Blog Post 6

Hidden Figures  is a story of struggle and willpower, but not of individual glory. Set in 1960s Virginia, the film centers on three pioneering African American women whose calculations for NASA were integral to several historic space missions, including John Glenn’s successful orbit of the Earth. These women—Katherine Johnson, Mary Jackson, and Dorothy Vaughan—were mathematicians and engineers despite starting their careers in segregation-era America and facing discrimination at home, at school, and at work.

Hidden Figures shows the impact of racism at the international level by highlighting the racial implications of WWII. While the United States fought for equality and freedom abroad, the country demonstrated its hypocrisy by enforcing segregation on its own soil. Hidden Figures takes place against the backdrop of World War II, with Americans (black and white) following with horror the torture and deportation of Jewish people in Europe.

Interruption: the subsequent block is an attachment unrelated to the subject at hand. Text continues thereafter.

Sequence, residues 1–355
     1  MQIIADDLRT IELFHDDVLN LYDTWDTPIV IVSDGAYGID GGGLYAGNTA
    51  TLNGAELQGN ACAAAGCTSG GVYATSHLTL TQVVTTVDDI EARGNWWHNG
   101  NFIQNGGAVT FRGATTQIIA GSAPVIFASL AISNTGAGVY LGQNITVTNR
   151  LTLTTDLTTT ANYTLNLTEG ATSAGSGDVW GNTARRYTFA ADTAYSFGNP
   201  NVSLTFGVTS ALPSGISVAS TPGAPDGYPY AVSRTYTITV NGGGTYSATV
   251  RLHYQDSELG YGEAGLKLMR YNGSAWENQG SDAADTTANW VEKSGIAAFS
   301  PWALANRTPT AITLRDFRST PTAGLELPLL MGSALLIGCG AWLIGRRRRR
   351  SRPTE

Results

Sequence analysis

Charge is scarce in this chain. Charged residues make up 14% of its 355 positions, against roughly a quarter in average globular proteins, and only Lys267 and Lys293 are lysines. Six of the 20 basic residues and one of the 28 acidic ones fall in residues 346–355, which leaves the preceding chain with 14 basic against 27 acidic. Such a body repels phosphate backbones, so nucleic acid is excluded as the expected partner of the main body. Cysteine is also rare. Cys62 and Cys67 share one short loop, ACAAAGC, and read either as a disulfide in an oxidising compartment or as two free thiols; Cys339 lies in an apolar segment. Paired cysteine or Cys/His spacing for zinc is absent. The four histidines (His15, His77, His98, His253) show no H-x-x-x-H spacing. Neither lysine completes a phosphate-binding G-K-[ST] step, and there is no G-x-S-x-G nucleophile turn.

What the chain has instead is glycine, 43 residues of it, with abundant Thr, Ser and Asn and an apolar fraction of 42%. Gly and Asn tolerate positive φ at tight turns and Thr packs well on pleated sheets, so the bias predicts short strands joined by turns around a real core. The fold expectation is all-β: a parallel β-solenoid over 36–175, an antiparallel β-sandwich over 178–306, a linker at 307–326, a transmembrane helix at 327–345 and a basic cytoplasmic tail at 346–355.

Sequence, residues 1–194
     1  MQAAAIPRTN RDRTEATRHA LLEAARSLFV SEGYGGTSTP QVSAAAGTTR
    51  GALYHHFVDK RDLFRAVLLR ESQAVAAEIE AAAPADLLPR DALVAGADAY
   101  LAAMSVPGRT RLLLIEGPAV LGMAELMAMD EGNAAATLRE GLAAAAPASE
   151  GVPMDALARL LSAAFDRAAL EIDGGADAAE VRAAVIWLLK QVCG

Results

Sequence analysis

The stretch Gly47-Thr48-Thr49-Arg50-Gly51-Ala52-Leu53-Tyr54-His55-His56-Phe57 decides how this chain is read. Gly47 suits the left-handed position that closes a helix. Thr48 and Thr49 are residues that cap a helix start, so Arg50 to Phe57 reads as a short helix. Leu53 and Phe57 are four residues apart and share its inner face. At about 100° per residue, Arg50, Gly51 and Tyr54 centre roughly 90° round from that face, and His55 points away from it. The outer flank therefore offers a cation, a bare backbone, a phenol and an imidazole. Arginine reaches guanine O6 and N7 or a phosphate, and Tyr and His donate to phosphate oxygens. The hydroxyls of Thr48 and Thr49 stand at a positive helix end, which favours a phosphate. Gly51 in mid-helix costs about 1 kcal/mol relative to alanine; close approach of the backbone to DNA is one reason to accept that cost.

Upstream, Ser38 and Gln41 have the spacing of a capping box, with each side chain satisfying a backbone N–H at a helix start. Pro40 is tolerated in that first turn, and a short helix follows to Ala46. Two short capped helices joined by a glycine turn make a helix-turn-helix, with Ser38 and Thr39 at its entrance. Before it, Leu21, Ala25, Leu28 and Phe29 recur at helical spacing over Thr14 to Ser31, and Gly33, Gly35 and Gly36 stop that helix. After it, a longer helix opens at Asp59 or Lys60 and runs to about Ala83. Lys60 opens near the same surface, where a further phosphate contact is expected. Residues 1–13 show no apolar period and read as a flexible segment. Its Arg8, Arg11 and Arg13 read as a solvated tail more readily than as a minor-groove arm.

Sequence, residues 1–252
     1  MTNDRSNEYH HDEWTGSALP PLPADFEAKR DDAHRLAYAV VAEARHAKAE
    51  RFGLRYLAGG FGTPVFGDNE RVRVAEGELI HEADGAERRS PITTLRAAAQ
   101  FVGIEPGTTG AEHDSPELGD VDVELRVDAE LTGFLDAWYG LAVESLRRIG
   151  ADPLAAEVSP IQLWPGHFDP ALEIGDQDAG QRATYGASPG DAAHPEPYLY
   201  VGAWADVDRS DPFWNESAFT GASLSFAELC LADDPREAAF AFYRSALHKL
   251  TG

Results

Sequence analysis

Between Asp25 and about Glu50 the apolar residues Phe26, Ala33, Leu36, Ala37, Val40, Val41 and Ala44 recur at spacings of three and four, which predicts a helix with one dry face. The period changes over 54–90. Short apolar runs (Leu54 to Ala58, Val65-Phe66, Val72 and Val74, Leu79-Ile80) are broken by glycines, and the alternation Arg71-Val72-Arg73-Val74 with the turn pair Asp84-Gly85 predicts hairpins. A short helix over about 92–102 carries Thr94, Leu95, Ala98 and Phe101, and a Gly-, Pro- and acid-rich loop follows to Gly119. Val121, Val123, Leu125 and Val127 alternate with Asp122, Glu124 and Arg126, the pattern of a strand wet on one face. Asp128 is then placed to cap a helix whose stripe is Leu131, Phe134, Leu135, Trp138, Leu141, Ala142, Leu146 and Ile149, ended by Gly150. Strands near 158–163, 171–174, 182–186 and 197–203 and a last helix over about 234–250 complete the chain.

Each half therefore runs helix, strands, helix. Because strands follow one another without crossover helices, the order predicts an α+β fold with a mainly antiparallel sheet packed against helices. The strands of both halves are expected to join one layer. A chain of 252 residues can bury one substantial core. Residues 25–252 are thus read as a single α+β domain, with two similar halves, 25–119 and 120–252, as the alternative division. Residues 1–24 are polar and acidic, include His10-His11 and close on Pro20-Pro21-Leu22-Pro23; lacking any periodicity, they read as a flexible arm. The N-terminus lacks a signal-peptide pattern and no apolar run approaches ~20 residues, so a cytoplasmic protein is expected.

Hidden Figures denounces the contradictions inherent in the Jim Crow laws that kept the NACA segregated in the years during and after WWII. At an international, national and interpersonal level, it shows how racism impacted not only the oppressed but the people in power who were doing the oppressing, requiring the United States and the NACA to act in self-defeating ways that, illogically, worked against their own prosperity and success.


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